The ultimate best outcome of your professional involvement may not be wins or titles- it very well may not even be a return to sport. 

Sometime a preconceived detour is actually a path towards something more rewarding.

Offer to take the hit for the athlete- if decision not to play, put all the blame on the medical team.

Give athletes the opportunity select how they want to mourn an injury or decision to retire. Some will totally distance themselves from the sport or team, while others want to have an active role. Help them in this choice

Don't feel the need to be a hero or go solo. Feel free to share the burden of difficult cases.

Always keep common themes and consistent messaging with athletes, families and other professionals.

Respect the hard work, past efforts, goals, dreams and commitment of the athlete and their schedule, but don't make decisions strictly based on the next big event.

Even if it's the Olympics. 

Develop rapport before dropping bombs

Focus initially on performance enhancement. No kid will shy away from wanting to get better. Once you've built their trust and rapport, then you can delve into more of the sensitive emotional or behavior issues.

Learn to deal with uncertainty, with taking appropriately aggressive decisions that may work, or may run into those detours.

When confronted with setbacks or plateaus in recovery, continue to encourage the athlete. Try to limit conveying disappointment.

Finally, never wondering how to do something better, to keep learning, to keep finding more people to add to the team and help negotiate those detours.























Teenagers Not Designed as Early Birds: How to Combat Adolescent Sleep Deprivation

Are you a well-meaning coach trying to get the most out of your athletes during early morning training sessions? Somewhat frustrated that everyone seems a step slow or out of sorts during zero period? While "morning people" are a dime a dozen in the adult world, doesn't it seem that finding teenagers raring to go at 0600 is like the proverbial needle in a haystack?

According to a timely American Academy of Pediatrics (AAP) policy statement on School Start Times for Adolescents this type of behavior is not just an irritating by-product of teenage rebellion and striving for independence, but is a consequence of age-related delays in release of melatonin (hormone that influences sleep onset) and a slower drive to fall asleep compared with non-adolescents.

So yes, teenagers are biologically designed to have their own (circadian) rhythms and if they truly ran the world (instead of thinking that they do) they would select later school start times around the order of 8:30 if not later. This does often conflict with the usual norms of the adult-oriented world (such as parents having to be at work by 9 AM) and the realities of limited access to pools and court space along with trying to fit in another activity into already tight class schedules.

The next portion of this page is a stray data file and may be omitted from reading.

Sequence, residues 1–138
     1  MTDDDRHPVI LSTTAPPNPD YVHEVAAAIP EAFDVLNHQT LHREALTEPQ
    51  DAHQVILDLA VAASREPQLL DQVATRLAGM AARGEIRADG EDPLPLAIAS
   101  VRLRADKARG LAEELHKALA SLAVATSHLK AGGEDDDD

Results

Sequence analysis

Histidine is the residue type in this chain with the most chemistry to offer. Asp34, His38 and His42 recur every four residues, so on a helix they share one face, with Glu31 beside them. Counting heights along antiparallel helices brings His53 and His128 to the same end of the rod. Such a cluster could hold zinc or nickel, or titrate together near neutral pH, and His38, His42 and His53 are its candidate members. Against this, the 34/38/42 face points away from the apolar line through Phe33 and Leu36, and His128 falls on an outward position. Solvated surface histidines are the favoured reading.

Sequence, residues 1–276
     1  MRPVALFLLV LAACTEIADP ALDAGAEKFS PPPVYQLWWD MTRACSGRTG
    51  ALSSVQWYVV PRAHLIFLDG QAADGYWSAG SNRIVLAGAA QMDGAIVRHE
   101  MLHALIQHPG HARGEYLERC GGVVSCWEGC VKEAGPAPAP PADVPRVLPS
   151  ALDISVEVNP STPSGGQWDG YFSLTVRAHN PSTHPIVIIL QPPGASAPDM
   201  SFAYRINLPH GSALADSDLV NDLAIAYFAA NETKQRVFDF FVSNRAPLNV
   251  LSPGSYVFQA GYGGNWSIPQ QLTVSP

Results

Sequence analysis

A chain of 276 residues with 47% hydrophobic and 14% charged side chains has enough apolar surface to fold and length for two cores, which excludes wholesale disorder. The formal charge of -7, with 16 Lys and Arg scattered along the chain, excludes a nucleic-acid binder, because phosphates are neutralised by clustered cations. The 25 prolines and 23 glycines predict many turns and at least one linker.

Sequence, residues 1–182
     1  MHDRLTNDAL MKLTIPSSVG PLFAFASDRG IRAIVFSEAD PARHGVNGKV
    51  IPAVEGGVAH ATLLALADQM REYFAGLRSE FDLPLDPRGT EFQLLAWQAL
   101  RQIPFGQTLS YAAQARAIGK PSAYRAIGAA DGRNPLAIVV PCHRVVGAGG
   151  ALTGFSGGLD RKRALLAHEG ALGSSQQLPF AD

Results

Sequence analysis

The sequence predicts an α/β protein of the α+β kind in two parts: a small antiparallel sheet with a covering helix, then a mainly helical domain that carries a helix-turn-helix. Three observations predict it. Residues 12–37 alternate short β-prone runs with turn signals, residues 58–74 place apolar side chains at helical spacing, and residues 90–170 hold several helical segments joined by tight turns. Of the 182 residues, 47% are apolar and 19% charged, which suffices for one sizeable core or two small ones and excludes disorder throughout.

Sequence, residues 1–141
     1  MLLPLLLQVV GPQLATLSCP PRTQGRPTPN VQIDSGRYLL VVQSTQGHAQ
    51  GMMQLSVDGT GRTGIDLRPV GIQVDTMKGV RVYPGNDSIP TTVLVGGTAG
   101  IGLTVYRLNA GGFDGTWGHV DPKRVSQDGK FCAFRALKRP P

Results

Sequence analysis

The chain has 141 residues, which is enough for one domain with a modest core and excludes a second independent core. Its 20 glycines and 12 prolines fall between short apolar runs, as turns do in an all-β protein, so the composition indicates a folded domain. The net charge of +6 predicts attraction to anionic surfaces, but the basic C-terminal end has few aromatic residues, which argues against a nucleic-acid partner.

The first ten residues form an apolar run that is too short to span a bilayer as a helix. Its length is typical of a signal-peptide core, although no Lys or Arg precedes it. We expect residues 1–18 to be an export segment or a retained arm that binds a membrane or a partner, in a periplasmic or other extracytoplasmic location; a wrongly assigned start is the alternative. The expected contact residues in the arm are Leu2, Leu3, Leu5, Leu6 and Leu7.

The ultimate goal according to the AAP and its review of the scientific literature would be to provide a consistent 8.5-9.5 hours of sleep per night and reduce the consequences of cumulative sleep deprivation:

How do we best respond to these sleep deprivation concerns?

First of all, don't think that teenagers shouldn't get off without taking some responsibility for their less than impressive sleep statistics, as they often do not do themselves any favors with poor sleep initiation behaviors such as late night caffeine use, using electronics and media right before bedtime, and having access to television in bedrooms. Modifying some of these habits definitely could should be a high priority for parents, coaches, and educators with emphasis on the importance of sleep in post-activity recovery, preparation for next day activity, and especially the impact of insufficient sleep in mood and academic focus:

While giving appropriate counsel to sleep hygiene behaviors, there are certain nutritional recommendations that may also increase the quality of sleep initiation and maintenance according to an article conveniently published just before the AAP article:

  • High Glycemic Index foods such as white rice, pasta, bread, and potatoes may promote sleep; however, they should be consumed more than 1 hour before bedtime.
  • Diets high in carbohydrate may result in shorter sleep latencies.
  • Diets high in protein may result in improved sleep quality.
  • Diets high in fat may negatively influence total sleep time.
  • When total caloric intake is decreased, sleep quality may be disturbed.
  • Small doses of tryptophan (1 gram) may improve both sleep latency and sleep quality. This can be achieved by consuming approximately 300 grams of turkey or approximately 200 grams of pumpkin seeds.
  • The hormone melatonin and foods that have a high melatonin concentration may decrease sleep onset time.

Promoting short naps (under a hour) during the day can contribute to the overall daily sleep total, and if done before an afternoon or evening exercise session may contribute to reduced sleepiness and and can be beneficial when learning new skills, strategies or techniques.

Finally, those of schedule-making adults might want to take a hard and scientific look at the utility of early-morning activities designed for adolescents. While the decision for later school starts may not be part of your pay grade, carefully weighing the risks and benefits of zero period weight training sessions or other before school activities in favor of more after school activities may actually increase athletic and academic performance in this age group. Delaying the start of afternoon training or competition sessions to allow for that brief nap (again, under an hour) may also enhance overall performance and mood of the team or group.

Do these sound like sensible and realistic recommendations to address sleep issues in adolescents?